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[2nd day]

Part of European Union (Notification of Withdrawal) Bill – in the House of Commons at 2:56 pm on 1st February 2017.

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Photo of Jim Dowd Jim Dowd Labour, Lewisham West and Penge 2:56 pm, 1st February 2017

I shall be as brief as I can. It is slightly depressing when, because of collusion between the Front Benchers, the result is, as everybody knows, a foregone conclusion. Eric Forth, whom many of us will remember, always used to say that when the Front Benchers agree with each other, it is time for the House to be at its most active in examining precisely what that alliance means.

My hon. Friend Mr Betts mentioned the fact that yesterday my hon. and learned Friend Keir Starmer said this is a very difficult issue for the Labour party—and indeed it is. I think it is a very difficult issue for every Member, presenting us with a paradox in knowing what is the right thing to do. Some say the result of the referendum means that supporting the Bill is the right thing to do, while others disagree, saying that their duty to their constituents transcends even party loyalties.

Let me make my position perfectly clear. I am in a very fortunate position. As I told the Prime Minister during her statement on the Monday after the referendum, on 27 June, my constituents voted by about 2:1 to remain in the European Union. As I said then, I always regard my prime responsibility to be towards my constituents.

My constituents have written to me in unprecedented numbers—I am sure that most Members will have had more contact with, and information from, constituents over this issue than just about any other; it certainly applies to me in my 25 years in this place—urging me to support the constituency’s vote. I will support their objection to leaving the European Union, and I will vote against Second Reading tonight. I will vote for the SNP amendment and against the programme motion—and I will continue to do so. I say to my Front-Bench team that I will be active next week, when the Bill is in Committee. I will seek to amend it, but I will vote against Third Reading as well. I will not be complicit in something that I know and feel to be wrong, and to be against the best interests not just of my constituents or this city, of which my constituency is a small part, but of the whole country and all its people. Anything else—whatever negotiations take place, whatever agreements are made—will be sub-optimal. Reform of the European Union, staying in the European Union and leading the campaign of reform was in the best interests of the British people, and I will do nothing now to undermine their position.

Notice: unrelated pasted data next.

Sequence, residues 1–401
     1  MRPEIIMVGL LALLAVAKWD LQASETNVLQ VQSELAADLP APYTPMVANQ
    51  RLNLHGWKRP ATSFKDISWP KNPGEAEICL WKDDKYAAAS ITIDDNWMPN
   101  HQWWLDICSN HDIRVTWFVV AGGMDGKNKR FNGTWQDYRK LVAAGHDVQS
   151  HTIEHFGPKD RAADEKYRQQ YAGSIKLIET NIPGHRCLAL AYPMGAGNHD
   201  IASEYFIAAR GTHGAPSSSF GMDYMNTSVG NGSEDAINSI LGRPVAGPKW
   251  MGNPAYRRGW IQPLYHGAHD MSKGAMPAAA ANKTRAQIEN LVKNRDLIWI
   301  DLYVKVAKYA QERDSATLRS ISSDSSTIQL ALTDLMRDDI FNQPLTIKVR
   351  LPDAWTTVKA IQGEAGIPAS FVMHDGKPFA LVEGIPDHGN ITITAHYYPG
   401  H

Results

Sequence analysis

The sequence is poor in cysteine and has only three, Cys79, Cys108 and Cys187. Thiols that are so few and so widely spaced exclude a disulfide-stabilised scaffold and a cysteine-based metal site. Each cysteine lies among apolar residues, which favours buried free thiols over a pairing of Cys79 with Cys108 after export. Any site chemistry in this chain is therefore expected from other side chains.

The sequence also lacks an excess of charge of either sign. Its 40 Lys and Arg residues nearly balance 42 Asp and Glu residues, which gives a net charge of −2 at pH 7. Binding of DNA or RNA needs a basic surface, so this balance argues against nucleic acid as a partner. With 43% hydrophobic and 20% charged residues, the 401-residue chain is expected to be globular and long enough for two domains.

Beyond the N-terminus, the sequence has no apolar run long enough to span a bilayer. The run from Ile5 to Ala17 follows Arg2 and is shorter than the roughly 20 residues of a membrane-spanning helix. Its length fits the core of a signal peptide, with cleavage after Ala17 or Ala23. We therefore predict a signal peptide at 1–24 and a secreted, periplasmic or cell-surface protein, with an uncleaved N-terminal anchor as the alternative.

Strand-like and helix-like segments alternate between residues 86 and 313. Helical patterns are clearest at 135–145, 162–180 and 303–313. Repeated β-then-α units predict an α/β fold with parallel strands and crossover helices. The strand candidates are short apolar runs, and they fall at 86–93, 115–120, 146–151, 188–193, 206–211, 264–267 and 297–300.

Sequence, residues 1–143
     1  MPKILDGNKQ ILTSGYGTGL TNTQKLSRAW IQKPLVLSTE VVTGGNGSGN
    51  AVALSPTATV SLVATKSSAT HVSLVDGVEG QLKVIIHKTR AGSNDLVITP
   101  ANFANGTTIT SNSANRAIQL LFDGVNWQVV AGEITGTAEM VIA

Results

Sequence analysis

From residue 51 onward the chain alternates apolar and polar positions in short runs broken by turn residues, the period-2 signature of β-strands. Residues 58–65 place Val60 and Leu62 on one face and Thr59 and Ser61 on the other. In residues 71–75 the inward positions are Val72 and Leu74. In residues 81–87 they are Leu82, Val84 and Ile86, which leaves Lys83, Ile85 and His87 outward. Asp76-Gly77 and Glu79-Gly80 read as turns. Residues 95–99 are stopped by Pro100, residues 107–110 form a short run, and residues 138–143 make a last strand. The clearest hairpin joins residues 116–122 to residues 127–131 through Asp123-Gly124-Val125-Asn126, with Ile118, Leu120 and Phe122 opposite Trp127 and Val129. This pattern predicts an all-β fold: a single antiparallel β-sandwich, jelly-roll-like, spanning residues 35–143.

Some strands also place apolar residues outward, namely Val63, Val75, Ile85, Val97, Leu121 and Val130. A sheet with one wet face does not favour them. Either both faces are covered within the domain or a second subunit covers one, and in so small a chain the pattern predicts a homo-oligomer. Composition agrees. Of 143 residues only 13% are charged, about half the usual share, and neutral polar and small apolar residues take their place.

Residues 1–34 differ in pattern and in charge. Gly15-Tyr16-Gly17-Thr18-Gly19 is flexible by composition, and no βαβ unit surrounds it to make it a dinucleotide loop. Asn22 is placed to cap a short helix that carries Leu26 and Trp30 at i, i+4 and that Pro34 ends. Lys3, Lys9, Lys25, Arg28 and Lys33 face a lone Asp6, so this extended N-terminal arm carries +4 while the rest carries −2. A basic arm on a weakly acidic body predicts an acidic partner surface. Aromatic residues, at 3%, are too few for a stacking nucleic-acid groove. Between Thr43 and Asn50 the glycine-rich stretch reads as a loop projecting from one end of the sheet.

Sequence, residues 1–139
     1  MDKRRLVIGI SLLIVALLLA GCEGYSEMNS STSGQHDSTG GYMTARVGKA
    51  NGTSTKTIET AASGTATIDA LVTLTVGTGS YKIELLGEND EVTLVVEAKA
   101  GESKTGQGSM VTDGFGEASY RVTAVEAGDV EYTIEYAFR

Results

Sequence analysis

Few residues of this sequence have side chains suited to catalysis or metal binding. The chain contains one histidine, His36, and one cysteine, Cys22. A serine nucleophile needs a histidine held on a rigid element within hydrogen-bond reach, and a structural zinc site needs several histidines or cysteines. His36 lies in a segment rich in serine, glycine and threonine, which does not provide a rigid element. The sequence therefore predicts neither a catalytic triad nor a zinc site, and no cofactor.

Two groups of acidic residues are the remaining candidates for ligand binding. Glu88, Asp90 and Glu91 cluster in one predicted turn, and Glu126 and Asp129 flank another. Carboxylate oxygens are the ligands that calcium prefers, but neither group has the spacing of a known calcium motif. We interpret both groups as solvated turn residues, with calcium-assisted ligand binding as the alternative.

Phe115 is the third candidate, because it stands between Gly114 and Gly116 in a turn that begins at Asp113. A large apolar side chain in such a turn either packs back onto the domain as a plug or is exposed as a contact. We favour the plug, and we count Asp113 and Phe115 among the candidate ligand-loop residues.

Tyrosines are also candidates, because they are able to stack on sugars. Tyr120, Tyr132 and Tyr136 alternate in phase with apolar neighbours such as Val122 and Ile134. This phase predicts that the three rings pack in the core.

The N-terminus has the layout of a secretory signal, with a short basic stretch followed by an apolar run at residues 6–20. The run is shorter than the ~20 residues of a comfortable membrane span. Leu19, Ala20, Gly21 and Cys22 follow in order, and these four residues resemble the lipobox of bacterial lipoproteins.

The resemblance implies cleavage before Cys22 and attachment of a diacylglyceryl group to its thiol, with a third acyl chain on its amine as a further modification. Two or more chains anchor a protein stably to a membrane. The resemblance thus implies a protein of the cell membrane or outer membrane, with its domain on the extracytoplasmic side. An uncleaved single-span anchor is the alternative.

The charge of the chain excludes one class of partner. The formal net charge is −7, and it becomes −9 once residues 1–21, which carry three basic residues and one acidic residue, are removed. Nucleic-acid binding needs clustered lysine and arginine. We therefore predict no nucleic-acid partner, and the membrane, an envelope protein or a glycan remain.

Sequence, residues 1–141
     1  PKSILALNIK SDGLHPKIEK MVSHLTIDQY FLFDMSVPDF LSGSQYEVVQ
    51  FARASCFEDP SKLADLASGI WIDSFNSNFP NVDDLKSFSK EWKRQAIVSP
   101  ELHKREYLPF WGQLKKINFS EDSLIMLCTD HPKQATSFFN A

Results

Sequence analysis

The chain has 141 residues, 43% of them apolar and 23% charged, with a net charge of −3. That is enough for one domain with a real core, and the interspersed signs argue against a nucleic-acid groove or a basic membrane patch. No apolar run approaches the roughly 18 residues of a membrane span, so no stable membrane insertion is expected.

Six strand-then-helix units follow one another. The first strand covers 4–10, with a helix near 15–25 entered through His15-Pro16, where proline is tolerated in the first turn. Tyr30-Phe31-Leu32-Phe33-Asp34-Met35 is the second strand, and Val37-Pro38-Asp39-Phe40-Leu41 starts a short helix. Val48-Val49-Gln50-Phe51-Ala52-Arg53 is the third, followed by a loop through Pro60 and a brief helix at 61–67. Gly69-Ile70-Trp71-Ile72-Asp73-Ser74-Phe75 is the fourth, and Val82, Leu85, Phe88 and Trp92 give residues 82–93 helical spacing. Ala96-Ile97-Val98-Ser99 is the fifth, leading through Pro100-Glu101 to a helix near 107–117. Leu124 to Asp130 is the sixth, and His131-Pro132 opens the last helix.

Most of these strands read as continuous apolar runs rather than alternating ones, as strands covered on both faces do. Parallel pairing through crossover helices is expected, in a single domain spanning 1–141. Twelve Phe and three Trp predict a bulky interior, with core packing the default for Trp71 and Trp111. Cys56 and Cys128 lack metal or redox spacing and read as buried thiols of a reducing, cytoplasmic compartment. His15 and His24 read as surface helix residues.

People have mentioned the status of European Union citizens in this country. I am sure that the Prime Minister is in earnest, and is being genuine, when she says that she wants to secure early agreement on reciprocal arrangements in Europe for British nationals living in EU countries. I say, as do others, that the answer is in her own hands. She can reassure EU nationals living in this country now by saying that their future, and that of their families, is secure. She can then go, quite rightly, to the chambers and the councils of Europe, and say, “We demand the same from you.” [Hon. Members: “What if they say no?”] There is only one reason why I would ever turn my back on the European Union and agree that we should leave. I would only do that if members of the EU denied British citizens the right that we can give to EU nationals.